New research on teacher training recommends that all teachers be trained to work with children with special educational needs (SEN). The research, which was conducted on behalf of the National Parents and Siblings Alliance, shows that currently there are approximately 2300 teachers trained to work with pupils with special educational needs. However, this is just a small portion of the 12,000 primary school teachers and 8000 post-primary teachers who were trained in Ireland 2006 and 2012. In this period about 2000 teachers completed the postgraduate diploma in special educational needs, and almost 300 completed the masters of education in special educational needs. The research says there are approximately 125,000 pupils with special educational needs in primary schools, and 90,000 in post-primary. Of these, 17,512 children at primary level and 16,629 at post-primary were allocated additional teaching hours, with a further 3135 and 9881, respectively, who had special needs assistant support (figures were taken from the Special Education Administration System as of August 2010). According to the authors of the research, Brian Merriman and Aideen Rickard: ‘there is a dramatic discrepancy between the number of children who may have SEN and the level of additional support available.’ They say initial teacher education does not adequately prepare new teachers to work with pupils who need additional support, but ‘there is an expectation on the part of parents and children’ that teachers will be properly trained.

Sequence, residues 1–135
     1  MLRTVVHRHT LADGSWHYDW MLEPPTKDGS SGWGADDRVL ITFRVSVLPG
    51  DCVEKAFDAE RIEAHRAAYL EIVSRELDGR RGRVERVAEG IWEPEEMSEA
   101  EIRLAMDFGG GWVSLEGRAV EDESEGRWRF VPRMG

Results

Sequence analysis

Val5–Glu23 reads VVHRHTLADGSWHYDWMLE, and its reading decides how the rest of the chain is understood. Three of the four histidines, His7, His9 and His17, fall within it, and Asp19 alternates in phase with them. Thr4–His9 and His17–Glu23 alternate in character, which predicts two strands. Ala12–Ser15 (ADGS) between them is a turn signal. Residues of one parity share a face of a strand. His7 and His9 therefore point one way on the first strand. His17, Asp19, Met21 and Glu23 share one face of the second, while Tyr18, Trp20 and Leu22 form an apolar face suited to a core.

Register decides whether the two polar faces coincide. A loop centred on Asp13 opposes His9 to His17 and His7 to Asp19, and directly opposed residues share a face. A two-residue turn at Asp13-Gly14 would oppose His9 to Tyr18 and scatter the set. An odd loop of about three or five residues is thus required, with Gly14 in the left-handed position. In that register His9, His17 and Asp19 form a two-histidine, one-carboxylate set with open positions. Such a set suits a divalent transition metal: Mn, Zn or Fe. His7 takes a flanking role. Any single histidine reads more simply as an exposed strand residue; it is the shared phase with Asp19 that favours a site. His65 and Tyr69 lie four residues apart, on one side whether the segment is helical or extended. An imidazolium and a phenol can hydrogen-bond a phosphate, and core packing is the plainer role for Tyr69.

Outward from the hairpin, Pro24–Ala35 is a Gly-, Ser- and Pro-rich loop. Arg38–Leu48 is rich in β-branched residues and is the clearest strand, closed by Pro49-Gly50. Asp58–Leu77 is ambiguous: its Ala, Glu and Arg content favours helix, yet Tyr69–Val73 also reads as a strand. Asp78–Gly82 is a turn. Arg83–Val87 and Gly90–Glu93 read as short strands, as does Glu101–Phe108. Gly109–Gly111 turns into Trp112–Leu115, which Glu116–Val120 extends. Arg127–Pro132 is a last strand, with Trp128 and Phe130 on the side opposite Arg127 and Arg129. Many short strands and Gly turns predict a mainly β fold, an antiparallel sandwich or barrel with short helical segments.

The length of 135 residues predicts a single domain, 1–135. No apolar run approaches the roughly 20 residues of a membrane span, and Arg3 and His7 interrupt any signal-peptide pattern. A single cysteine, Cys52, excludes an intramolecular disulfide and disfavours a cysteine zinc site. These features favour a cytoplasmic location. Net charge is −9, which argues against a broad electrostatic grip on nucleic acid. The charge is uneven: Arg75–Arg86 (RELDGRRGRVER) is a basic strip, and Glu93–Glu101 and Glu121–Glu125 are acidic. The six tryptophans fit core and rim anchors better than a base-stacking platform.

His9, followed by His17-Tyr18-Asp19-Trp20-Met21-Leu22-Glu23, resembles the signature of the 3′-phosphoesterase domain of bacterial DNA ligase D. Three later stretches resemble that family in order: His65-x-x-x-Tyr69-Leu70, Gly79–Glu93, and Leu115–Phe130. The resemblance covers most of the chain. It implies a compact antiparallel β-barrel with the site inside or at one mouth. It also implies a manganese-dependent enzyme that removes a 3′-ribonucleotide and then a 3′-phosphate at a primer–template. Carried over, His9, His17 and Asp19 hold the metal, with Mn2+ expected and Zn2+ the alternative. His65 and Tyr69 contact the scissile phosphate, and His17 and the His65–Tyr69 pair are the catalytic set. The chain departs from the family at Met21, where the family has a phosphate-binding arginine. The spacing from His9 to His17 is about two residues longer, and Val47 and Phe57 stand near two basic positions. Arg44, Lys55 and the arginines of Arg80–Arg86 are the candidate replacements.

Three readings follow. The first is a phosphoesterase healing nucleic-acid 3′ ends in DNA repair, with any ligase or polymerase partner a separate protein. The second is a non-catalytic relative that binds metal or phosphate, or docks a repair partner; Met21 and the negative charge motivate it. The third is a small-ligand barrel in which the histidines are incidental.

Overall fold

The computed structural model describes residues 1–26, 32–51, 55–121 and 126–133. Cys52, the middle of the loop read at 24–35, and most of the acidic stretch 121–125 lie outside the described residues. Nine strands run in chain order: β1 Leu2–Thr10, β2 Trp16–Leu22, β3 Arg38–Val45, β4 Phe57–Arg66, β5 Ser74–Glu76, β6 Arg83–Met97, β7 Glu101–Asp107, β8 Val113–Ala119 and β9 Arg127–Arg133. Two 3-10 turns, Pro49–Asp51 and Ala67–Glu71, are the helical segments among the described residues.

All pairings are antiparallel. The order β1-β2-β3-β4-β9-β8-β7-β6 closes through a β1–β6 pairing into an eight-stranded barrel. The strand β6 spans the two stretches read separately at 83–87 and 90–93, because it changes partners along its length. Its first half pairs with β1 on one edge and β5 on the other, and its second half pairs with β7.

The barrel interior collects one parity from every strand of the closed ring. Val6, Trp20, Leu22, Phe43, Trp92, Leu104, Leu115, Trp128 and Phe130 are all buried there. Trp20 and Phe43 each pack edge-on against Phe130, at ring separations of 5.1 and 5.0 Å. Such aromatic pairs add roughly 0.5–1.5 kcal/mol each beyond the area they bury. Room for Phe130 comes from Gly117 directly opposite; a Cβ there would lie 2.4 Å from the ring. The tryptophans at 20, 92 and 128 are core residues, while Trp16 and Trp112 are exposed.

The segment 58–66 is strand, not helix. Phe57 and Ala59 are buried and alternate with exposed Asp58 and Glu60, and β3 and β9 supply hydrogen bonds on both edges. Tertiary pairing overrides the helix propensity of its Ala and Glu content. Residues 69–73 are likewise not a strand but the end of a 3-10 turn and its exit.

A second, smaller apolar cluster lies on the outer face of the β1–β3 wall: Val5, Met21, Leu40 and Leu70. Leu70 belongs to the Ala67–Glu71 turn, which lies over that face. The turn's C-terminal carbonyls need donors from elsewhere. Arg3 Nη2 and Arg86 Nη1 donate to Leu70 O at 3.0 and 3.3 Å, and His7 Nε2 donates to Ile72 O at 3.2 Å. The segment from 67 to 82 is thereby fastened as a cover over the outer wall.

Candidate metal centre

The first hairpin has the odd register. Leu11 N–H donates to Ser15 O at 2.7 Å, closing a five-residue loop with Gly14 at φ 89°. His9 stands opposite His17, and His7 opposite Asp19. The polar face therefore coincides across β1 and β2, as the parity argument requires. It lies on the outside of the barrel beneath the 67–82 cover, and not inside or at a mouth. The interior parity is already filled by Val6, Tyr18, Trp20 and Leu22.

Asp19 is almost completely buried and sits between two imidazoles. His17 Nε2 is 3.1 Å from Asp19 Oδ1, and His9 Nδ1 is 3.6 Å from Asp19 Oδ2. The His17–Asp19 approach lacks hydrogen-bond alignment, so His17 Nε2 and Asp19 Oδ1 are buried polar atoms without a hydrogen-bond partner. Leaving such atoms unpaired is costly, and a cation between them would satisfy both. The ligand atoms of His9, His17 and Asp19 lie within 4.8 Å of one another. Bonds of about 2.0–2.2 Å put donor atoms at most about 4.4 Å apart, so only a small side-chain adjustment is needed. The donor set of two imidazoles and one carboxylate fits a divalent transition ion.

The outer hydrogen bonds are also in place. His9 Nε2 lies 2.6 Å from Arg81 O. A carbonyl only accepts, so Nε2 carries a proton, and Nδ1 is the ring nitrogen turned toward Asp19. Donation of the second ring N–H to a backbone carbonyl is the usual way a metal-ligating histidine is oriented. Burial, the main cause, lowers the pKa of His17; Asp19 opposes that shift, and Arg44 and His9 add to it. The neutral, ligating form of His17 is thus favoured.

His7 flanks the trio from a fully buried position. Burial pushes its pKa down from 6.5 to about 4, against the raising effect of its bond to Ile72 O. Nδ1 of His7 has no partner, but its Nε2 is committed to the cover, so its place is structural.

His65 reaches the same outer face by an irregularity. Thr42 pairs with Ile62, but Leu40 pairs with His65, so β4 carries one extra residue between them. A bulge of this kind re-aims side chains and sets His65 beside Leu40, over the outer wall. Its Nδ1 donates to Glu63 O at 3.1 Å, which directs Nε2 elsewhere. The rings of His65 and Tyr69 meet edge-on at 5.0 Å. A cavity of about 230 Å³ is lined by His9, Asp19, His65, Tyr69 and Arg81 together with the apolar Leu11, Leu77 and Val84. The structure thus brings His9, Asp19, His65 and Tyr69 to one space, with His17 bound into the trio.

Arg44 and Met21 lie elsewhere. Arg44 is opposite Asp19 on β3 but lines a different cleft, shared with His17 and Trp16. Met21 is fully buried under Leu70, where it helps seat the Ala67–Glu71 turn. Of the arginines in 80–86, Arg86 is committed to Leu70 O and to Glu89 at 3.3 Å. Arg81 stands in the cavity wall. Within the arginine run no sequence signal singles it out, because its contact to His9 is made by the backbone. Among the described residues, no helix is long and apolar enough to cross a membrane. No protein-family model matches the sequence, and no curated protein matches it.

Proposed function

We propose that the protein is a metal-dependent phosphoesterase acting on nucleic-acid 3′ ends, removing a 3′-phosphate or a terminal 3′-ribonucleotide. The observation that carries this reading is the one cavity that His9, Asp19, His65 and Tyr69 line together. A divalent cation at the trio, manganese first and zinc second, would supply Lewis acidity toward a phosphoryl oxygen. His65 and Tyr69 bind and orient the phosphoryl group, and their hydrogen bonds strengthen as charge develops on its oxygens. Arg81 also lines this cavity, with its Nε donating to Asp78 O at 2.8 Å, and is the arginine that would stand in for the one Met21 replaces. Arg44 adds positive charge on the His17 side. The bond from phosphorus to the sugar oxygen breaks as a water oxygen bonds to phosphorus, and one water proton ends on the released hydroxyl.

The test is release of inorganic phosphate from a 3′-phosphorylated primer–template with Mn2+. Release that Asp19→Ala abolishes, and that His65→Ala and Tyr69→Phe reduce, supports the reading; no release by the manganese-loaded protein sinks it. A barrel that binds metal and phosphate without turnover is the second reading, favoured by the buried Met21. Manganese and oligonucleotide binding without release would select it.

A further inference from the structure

The Child Care Law Reporting Project has found that 20% of children taken into the care of the state have ‘special needs’. The Project, which is under the directorship of former Irish Times journalist Dr Carol Coulter, published its first interim report in early November. Detailed notes revealed the ‘special needs’ were almost always psychological or educational. Evidence given by psychologists and speech and language therapists show that neglect and abuse has severe adverse effects on children’s development, the report said. This, it added, can lead in some cases to the diagnosis of learning disabilities, psychological disorders and other behavioural problems. It also found that 12% of all child care proceedings involve children whose parents have a mental illness or intellectual difficulty. The report was launched by Chief Justice Mrs Susan Denham, and is the first from the project. It included analysis of data collected from 333 cases attended by the project’s team between December 2012 and July 2013. This represents about 10% of all cases during that period.